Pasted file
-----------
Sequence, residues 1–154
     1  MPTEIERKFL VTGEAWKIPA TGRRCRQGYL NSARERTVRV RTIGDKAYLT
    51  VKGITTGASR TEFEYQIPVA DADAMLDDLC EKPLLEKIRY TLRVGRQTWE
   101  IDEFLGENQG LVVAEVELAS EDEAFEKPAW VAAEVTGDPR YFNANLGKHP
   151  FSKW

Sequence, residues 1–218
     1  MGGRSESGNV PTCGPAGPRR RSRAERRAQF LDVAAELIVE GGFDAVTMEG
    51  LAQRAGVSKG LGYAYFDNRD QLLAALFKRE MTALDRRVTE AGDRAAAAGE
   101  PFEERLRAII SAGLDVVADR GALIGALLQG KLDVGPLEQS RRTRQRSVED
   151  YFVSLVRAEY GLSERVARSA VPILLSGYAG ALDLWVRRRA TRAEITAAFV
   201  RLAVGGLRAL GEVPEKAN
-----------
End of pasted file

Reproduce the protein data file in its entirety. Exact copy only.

Sequence, residues 1–154
     1  MPTEIERKFL VTGEAWKIPA TGRRCRQGYL NSARERTVRV RTIGDKAYLT
    51  VKGITTGASR TEFEYQIPVA DADAMLDDLC EKPLLEKIRY TLRVGRQTWE
   101  IDEFLGENQG LVVAEVELAS EDEAFEKPAW VAAEVTGDPR YFNANLGKHP
   151  FSKW

Sequence, residues 1–218
     1  MGGRSESGNV PTCGPAGPRR RSRAERRAQF LDVAAELIVE GGFDAVTMEG
    51  LAQRAGVSKG LGYAYFDNRD QLLAALFKRE MTALDRRVTE AGDRAAAAGE
   101  PFEERLRAII SAGLDVVADR GALIGALLQG KLDVGPLEQS RRTRQRSVED
   151  YFVSLVRAEY GLSERVARSA VPILLSGYAG ALDLWVRRRA TRAEITAAFV
   201  RLAVGGLRAL GEVPEKAN